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MODEM - PowerPoint PPT Presentation

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J.Padmavathi. MODEM. Origin of Modems. The word "modem" is a contraction of the words modulator-demodulator A modem is typically used to send digital data over a phone line. sending modem. Receiving modem. wireless modems.

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origin of modems
Origin of Modems
  • The word "modem" is a contraction of the words modulator-demodulator
  • A modem is typically used to send digital data over a phone line.

sending modem

Receiving modem

wireless modems

The receiving modem demodulates the signal back into digital data
  • Wireless modems convert digital data into radio signals and back.
modem definition
MODEM Definition
  • modem - A modem modulates outgoing digital signals from a computer or other digital device to analog signals for a conventional copper twisted pair telephone line and demodulates the incoming analog signal and converts it to a digital signal for the digital device.
what is modem
What is MODEM
  • Short for modulator-demodulator
  • A modem is a device or program that enables a computer to transmit data over, for example, telephone or cable lines
  • Computer information is storeddigitally, whereas information transmitted over telephone lines is transmitted in the form of analog waves. A modem converts between these two forms.
  • DEF:
types of modem
Types of modem
  • External
  • Internal
  • Fortunately, there is one standardinterface for connecting external modems to computers called RS-232
  • Consequently, any external modem can be attached to any computer that has an RS-232 port, which almost all personal computers have. There are also modems that come as an expansion board that you can insert into a vacant expansion slot. These are sometimes called onboard or internal modems.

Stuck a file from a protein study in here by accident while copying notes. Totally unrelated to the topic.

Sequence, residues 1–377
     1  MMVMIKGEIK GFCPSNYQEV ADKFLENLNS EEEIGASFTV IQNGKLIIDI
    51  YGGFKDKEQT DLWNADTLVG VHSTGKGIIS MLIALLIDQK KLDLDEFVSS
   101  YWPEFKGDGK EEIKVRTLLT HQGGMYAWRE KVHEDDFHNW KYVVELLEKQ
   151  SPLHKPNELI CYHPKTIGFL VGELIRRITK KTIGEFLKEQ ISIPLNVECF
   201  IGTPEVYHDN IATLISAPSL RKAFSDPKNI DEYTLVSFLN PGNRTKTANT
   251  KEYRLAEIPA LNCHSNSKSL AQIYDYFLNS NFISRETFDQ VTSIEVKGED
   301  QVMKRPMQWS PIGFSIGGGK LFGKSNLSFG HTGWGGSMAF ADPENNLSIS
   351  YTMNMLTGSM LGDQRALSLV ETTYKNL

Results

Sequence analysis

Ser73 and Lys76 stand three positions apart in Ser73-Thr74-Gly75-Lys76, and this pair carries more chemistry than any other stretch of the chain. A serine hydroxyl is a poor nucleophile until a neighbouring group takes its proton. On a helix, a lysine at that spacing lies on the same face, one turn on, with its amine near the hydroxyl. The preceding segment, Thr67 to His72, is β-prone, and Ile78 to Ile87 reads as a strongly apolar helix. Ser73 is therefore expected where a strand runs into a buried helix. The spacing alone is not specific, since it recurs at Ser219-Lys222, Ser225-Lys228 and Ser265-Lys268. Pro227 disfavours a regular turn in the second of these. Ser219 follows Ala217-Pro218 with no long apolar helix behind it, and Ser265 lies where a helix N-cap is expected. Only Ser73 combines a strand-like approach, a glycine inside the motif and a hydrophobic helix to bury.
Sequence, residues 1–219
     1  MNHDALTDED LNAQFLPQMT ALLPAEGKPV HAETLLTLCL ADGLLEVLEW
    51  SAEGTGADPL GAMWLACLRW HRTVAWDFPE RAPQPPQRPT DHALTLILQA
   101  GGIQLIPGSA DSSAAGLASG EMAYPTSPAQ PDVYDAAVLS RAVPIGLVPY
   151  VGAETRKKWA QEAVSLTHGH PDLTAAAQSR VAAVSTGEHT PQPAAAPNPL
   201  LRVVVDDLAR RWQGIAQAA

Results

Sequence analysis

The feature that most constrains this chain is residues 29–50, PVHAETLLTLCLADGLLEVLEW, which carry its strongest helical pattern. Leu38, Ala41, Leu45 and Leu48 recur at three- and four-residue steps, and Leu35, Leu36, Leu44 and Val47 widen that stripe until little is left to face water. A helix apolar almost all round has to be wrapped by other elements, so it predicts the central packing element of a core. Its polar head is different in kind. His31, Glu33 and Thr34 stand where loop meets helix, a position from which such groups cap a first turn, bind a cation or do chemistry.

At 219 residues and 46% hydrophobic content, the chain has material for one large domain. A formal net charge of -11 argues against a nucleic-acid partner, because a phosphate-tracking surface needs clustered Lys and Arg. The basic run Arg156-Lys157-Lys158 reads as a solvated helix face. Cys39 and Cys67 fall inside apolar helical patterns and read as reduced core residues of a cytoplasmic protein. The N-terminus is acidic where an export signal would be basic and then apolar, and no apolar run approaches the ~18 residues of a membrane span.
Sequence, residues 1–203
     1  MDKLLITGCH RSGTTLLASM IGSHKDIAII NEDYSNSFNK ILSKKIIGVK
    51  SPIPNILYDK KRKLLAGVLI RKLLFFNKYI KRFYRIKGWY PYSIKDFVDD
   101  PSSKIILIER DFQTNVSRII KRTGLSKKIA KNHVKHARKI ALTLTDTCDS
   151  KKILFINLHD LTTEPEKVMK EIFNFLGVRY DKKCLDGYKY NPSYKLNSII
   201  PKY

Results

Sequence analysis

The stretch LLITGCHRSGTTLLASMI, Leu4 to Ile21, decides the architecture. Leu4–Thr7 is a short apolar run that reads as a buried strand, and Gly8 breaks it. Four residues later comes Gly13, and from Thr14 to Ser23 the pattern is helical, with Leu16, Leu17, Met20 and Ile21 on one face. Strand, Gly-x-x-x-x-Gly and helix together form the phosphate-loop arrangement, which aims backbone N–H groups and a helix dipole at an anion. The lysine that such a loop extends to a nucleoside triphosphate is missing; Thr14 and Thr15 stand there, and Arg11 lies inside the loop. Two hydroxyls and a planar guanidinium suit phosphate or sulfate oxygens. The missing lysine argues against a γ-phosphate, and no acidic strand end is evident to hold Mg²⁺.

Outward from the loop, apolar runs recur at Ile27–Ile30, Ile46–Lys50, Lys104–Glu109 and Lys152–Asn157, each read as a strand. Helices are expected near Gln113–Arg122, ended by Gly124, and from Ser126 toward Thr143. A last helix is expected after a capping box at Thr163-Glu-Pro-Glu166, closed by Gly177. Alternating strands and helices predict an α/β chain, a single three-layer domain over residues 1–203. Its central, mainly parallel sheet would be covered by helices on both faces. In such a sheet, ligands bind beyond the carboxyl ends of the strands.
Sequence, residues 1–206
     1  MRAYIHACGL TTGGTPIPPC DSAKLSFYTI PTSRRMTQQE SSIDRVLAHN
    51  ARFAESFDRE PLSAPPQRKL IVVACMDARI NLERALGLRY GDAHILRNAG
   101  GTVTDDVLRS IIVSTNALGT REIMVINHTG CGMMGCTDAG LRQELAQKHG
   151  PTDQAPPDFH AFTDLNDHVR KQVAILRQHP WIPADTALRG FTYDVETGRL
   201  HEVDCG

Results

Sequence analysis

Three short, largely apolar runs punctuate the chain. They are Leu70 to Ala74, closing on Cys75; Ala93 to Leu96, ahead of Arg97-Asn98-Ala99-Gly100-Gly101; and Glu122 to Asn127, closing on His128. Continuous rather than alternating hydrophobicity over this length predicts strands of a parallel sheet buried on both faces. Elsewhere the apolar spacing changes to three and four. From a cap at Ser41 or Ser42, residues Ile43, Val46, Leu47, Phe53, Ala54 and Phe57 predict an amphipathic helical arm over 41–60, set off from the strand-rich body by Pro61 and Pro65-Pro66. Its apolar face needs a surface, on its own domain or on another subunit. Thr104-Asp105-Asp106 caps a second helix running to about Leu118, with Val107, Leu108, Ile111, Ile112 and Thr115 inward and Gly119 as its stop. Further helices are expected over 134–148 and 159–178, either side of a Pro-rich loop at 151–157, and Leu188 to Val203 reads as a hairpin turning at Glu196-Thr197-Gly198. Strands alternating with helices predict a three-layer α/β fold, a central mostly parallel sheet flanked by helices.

• While the modem interfaces are standardized, a number of different protocols for formatting data to be transmitted over telephone lines exist
characteristics distinguish one modem from another
characteristics distinguish one modem from another:
  • Bps
  • voice/data
  • auto-answer
  • Data compression
  • Flash Memory
  • Flash capability
characteristics distinguish one modem from another1
characteristics distinguish one modem from another:

1.bps:How fast the modem can transmit and receive data

  • At slow rates, modems are measured in terms of baud rates
  • The slowest rate is 300 baud (about 25 cps).
  • At higher speeds, modems are measured in terms of bits per second (bps)
  • The fastest modems run at 57,600 bps, although they can achieve even higher data transfer rates by compressing the data
  • Obviously, the faster the transmission rate, the faster you can send and receive data
  • cannot receive data any faster than it is being sent
  • If, for example, the device sending data to your computer is sending it at 2,400 bps, you must receive it at 2,400 bps.

2.voice/data :Many modems support a switch to change between voice and data modes.

3.auto-answer:An auto-answer modem enables your computer to receive calls in your absence

  • Data compression:Some modems perform data compression, which enables them to send data at faster rates
  • the modem at the receiving end must be able to decompress the data using the same compression technique.